Evidence suggests computerised decision-support systems (CDSS) and performance-based incentives (PBIs) could enhance health-worker motivation and performance [15,16,17]. CDSS are electronic tools that prompt provider behaviours with patient-specific prompts, treatment guidelines, automatic medication dosing calculations, and reports of overdue tests and medications [18]. PBIs involve compensating health-workers for work beyond their typical remit so they feel appreciated and that effort is valued. Offering monetary or other recognition for high-performing employees aims to counteract weak or indirect health system incentives [19, 20] by directly linking rewards to actions that achieve performance targets and therefore contribute to improved health outcomes [16, 21, 22]. PBIs can also enhance effectiveness by stimulating innovation, enhancing teamwork, incentivizing service in remote locations, and improving retention [15, 23,24,25].

Literature focuses on individual effect of PBIs on health-worker motivation but not on the combined effects of CDSS and PBIs on performance [15, 26]. Our previous study in Ghana’s Upper East Region was one of the first to analyse the combined effects of these interventions on client satisfaction with maternal and neonatal healthcare [16]. Implementation of CDSS in the context of an ongoing PBI intervention in Upper East Region provided an opportunity to examine perceived effects of both interventions among health-workers, as we found no other qualitative studies on this topic and research had shown sub-optimal motivation and performance among maternal and neonatal healthcare providers in these areas and potential scope for improvement [25, 27]. This qualitative study thus aimed to explore health-worker perspectives of the effects of CDSS, in the context of a combined CDSS-PBI intervention, on maternal and child healthcare provision in primary facilities in Ghana’s Upper East Region.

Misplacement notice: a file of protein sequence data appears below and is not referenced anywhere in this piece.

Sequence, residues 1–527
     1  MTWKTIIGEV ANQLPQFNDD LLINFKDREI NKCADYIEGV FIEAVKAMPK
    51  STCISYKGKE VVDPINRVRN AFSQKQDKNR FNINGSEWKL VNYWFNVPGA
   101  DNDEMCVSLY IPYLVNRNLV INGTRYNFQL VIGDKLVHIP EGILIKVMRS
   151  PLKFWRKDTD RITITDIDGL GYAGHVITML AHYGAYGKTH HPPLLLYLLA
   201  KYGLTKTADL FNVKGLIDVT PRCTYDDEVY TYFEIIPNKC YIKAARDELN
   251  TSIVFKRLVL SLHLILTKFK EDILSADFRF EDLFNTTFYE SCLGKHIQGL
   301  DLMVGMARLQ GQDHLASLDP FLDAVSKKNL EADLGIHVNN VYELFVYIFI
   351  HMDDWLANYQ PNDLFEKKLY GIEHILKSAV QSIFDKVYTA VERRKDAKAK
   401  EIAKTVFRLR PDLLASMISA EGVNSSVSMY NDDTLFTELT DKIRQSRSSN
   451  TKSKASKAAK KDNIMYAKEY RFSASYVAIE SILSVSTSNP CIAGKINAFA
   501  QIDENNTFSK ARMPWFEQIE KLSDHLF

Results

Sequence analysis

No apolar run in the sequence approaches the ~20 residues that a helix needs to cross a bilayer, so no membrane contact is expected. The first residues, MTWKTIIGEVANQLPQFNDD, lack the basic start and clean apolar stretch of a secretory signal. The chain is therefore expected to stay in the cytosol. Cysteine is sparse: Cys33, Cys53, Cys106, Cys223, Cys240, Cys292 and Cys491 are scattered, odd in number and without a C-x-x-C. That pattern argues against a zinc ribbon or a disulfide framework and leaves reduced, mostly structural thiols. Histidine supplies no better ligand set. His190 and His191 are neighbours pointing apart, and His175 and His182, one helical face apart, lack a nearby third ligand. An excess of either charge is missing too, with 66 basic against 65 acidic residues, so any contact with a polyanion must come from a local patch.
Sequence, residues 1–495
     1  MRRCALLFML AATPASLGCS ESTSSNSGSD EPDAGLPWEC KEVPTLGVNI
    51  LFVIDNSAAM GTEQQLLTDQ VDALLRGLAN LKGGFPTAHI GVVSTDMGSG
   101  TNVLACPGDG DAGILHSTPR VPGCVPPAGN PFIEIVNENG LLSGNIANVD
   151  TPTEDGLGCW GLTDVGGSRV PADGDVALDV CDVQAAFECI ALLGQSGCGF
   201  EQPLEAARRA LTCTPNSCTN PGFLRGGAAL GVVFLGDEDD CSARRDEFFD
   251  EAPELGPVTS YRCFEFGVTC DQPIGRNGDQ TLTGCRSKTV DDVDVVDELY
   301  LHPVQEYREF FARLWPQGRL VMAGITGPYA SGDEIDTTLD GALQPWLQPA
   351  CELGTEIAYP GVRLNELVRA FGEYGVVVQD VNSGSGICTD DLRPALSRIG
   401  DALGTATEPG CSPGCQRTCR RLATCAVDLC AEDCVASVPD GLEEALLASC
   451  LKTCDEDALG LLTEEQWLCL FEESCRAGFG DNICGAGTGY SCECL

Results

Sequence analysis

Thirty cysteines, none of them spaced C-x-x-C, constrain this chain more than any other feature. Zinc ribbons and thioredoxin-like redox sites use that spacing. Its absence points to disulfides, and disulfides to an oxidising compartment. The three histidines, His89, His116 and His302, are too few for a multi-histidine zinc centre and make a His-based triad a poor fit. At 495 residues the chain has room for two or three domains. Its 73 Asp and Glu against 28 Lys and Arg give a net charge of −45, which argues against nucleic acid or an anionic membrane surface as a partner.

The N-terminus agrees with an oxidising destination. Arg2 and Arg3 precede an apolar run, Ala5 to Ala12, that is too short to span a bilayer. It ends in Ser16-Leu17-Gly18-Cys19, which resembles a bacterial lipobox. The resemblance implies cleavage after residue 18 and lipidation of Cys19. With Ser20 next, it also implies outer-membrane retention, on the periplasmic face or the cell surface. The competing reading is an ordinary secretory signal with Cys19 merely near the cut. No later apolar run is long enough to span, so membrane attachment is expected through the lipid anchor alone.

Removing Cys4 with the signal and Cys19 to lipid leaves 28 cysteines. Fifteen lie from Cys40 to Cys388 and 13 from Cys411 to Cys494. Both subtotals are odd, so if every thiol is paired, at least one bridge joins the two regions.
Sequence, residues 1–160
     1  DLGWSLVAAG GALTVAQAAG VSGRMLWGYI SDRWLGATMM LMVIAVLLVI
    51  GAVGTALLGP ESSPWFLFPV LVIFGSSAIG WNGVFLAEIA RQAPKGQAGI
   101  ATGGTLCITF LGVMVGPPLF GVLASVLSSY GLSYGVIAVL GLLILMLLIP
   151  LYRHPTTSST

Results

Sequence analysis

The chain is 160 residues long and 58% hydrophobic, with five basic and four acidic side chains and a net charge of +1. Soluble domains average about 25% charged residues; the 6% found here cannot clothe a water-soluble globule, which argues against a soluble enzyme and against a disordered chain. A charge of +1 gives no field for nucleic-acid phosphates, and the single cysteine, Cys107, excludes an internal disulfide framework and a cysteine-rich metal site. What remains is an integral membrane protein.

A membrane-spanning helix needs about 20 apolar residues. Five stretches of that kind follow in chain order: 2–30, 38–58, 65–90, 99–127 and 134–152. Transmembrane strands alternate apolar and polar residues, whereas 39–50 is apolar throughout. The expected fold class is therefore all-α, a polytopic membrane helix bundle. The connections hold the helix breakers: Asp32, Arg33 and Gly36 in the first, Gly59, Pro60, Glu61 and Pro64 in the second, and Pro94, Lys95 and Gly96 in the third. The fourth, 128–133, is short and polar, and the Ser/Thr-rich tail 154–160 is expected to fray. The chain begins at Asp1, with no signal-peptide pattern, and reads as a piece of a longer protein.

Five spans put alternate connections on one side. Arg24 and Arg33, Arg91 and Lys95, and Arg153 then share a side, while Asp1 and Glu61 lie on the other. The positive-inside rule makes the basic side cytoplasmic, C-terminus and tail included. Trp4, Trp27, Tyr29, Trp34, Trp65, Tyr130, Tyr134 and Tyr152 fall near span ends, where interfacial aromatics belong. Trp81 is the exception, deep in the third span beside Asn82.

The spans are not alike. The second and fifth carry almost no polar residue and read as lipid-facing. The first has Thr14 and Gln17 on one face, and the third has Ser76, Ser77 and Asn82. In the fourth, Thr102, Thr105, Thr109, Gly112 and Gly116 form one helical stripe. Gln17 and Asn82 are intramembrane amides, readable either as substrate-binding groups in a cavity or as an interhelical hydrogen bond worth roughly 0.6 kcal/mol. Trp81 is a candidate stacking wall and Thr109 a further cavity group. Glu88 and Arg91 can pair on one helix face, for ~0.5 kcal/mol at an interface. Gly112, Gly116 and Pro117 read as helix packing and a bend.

Study design and sites

This qualitative study reanalyses 66 semi-structured interviews conducted with frontline health-workers, facility managers, and district supervisors at the end of the European Union-funded Quality of maternal and neonatal health (QUALMAT) intervention trial [15, 26, 28]. This cluster-randomized un-blinded controlled trial, conducted in Ghana’s Upper East region, aimed to assess the effect of a CDSS for maternal and neonatal health care services.

The trial was conducted in twelve health facilities in Kassena-Nankana (KND) and Builsa districts and is described in Aninanya et al. [16]. KND (intervention district) has an estimated population of 152,000 served by one hospital in the district capital Navrongo, six health centres, one private clinic, and twenty-seven Community-based Health Planning and Services (CHPS) compounds. Builsa (comparison district) has an estimated population of 95,800 served by the district hospital in Sandema, six health centres, and thirteen CHPS compounds. MNH services were considered poor in Upper East Region, due to insufficient and demotivated staff; inadequate access to and use of computers, reproductive health guidance, and protocols; and inadequate diagnoses and referrals [29,30,31]. A cross-sectional study of 400 new mothers indicated 93% had delivered in health facilities and 97% had received antenatal care with 75% having four or more antenatal visits [32]. However, institutional MMR in the Upper East Region prior to the trial was 352 per 100,000 live births and estimated at 367 and 259 per 100,000 live births In KND and Builsa district respectively [33]. Nurses and midwives are responsible for provision of facility-based MNH services in these districts [34], with low productivity reported as some providers rarely used treatment guidelines or partograph, and missed health education opportunities [8].